Genotyping, QTL mapping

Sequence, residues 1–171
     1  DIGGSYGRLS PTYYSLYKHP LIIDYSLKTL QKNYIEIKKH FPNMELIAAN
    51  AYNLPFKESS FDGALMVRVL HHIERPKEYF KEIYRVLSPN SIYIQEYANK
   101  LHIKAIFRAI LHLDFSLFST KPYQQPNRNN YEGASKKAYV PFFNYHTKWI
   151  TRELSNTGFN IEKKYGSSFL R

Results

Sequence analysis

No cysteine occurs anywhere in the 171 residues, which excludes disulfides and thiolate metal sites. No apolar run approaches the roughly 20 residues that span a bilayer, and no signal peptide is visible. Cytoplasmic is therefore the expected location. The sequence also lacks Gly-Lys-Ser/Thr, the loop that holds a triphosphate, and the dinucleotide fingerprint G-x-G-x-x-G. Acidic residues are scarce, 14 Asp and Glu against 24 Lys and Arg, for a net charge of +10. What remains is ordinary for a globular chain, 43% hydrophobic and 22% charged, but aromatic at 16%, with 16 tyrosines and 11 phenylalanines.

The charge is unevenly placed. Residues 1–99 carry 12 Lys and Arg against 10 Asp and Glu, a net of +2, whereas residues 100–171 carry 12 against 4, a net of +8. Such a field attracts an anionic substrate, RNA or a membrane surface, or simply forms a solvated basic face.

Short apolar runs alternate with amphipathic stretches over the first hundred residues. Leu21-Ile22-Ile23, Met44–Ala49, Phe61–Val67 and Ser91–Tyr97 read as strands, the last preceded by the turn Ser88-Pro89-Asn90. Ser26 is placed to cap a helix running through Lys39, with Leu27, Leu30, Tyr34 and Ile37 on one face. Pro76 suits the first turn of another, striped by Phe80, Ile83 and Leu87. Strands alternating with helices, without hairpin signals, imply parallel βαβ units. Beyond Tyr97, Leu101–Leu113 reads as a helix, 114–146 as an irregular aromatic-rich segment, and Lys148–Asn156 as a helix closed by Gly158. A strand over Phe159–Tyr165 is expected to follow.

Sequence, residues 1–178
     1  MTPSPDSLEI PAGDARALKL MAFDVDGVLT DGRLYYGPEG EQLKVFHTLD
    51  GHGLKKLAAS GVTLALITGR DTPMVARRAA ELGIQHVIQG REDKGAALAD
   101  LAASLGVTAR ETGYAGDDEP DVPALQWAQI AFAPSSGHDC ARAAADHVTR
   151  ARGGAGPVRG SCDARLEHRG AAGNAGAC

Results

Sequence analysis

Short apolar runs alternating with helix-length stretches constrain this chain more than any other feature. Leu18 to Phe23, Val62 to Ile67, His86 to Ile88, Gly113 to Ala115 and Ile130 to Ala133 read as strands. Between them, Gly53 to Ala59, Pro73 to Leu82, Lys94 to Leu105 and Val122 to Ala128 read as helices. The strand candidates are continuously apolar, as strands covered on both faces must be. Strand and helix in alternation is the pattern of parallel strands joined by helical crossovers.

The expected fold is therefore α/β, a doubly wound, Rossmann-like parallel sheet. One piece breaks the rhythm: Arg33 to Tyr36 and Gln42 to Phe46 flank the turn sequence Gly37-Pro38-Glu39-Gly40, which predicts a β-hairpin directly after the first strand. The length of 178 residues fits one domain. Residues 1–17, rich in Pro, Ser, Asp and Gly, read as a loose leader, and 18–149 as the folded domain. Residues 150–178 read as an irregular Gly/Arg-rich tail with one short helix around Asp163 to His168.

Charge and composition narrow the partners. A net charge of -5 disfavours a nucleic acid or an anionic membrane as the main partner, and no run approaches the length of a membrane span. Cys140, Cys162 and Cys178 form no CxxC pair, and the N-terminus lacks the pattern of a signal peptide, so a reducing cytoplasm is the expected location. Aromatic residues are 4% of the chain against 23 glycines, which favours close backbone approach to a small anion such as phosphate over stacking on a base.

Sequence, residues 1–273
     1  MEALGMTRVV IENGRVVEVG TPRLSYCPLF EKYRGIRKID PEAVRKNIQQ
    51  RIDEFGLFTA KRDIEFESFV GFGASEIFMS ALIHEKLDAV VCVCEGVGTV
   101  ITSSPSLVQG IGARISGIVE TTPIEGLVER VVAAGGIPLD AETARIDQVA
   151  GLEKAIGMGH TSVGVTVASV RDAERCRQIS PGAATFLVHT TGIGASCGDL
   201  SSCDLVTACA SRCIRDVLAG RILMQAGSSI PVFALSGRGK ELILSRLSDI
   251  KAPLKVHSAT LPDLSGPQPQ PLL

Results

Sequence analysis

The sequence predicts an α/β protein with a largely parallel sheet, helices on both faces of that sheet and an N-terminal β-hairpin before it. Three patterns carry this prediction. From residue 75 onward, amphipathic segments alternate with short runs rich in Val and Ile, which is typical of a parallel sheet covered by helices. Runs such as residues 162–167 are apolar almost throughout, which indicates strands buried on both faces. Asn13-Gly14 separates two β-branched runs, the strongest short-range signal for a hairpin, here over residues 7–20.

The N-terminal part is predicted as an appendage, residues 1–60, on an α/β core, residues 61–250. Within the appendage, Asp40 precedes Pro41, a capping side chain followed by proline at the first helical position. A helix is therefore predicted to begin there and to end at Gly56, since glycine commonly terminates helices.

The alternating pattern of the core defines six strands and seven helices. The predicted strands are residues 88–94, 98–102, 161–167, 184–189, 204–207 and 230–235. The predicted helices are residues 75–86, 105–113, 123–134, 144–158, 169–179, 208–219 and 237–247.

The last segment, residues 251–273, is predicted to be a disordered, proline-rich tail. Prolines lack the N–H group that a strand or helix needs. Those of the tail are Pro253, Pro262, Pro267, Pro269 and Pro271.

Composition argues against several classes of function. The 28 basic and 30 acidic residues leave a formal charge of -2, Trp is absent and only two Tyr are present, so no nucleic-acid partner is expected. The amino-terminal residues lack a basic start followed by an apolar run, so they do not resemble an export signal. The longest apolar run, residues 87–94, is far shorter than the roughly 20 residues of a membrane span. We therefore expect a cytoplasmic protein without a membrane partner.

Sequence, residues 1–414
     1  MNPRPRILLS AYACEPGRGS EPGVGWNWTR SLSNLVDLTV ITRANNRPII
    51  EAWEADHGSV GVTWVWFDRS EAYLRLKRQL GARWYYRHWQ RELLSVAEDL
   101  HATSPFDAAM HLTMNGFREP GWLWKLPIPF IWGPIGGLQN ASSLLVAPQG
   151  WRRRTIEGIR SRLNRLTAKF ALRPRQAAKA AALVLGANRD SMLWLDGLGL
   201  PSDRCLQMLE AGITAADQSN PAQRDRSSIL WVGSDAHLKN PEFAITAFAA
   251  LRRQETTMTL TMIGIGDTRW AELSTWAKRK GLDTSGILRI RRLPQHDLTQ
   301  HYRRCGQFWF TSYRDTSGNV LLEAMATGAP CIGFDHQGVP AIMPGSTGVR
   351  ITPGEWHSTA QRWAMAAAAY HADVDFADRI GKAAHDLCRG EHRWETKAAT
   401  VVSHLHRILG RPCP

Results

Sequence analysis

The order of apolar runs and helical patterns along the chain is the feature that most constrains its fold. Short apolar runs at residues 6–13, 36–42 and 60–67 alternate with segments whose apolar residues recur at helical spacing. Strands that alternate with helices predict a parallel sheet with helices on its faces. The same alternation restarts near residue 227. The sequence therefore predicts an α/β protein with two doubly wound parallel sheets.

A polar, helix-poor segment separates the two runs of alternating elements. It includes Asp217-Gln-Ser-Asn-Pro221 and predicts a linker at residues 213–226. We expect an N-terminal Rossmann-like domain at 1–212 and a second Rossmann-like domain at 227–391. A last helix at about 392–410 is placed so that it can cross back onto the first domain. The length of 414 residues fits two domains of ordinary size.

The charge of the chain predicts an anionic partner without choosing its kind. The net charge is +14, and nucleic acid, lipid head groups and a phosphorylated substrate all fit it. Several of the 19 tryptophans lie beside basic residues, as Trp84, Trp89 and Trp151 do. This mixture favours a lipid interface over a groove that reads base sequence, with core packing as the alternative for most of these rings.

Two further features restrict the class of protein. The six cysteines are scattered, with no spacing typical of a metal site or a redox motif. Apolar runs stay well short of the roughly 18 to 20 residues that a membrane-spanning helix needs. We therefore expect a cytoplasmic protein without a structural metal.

DNA preparation was performed by Agowa GmbH (Berlin, Germany), using standard salt extraction. A total of 652 SNP markers were genotyped using an Illumina GoldenGate system, and gave a map of length ~92675 cM, with an average marker spacing of ~16 cM. Of these markers, 551 were fully informative (differentially fixed between the parental populations), with markers selected to be evenly spread throughout the genome (as reflected in the average marker spacing) and based around the markers generated for the F2 mapping of this intercross63,64. The QTL analysis was performed in R65 using the R/Qtl software package66, with standard interval mapping and epistatic analyzes performed. Interval mapping was performed using additive and additive + dominance models. In the colour phenotyping QTL analysis batch and sex were always included as fixed effects. To control for potential family substructure, a Principal Component Analysis (PCA) of the genotype data was performed, and the first ten PCs fitted as covariates in the QTL model, with all significant PCs retained in the final model (see62 for further details). A sex interaction was also added, where significant. Digenic epistatic analysis was performed as per the guidelines provided in67. Initially a global model was used that incorporated standard main effects and sex interactions. Epistasis was then built on this model, starting with the most significant loci and working down for each trait. Significance thresholds were calculated by permutation68,69, with thresholds of 20% and 5% genome wide significance being the cut-offs for suggestive and significant loci respectively. A suggestive threshold was used as per70, though we used a 20% genome wide threshold, which is slightly more stringent than 1 false positive per scan. These thresholds corresponded to approximately LOD cut offs of 3.6 and 4.4. Confidence intervals were calculated using a 1.8 LOD drop method71. Epistasis thresholds were calculated in a similar manner, with 20% and 5% genome-wide thresholds used. If two loci were significant by main effects alone then an epistatic effect for this locus was included if the interaction passed the nominal 5% threshold in the same manner as a sex interaction. Note that the sample sizes required to detect epistatic interactions can be much larger than a standard QTL analysis (relying on different allelic combinations that may have relatively low proportions in the intercross), so certain interactions will most likely be missed, though ones that are detected will still be valid.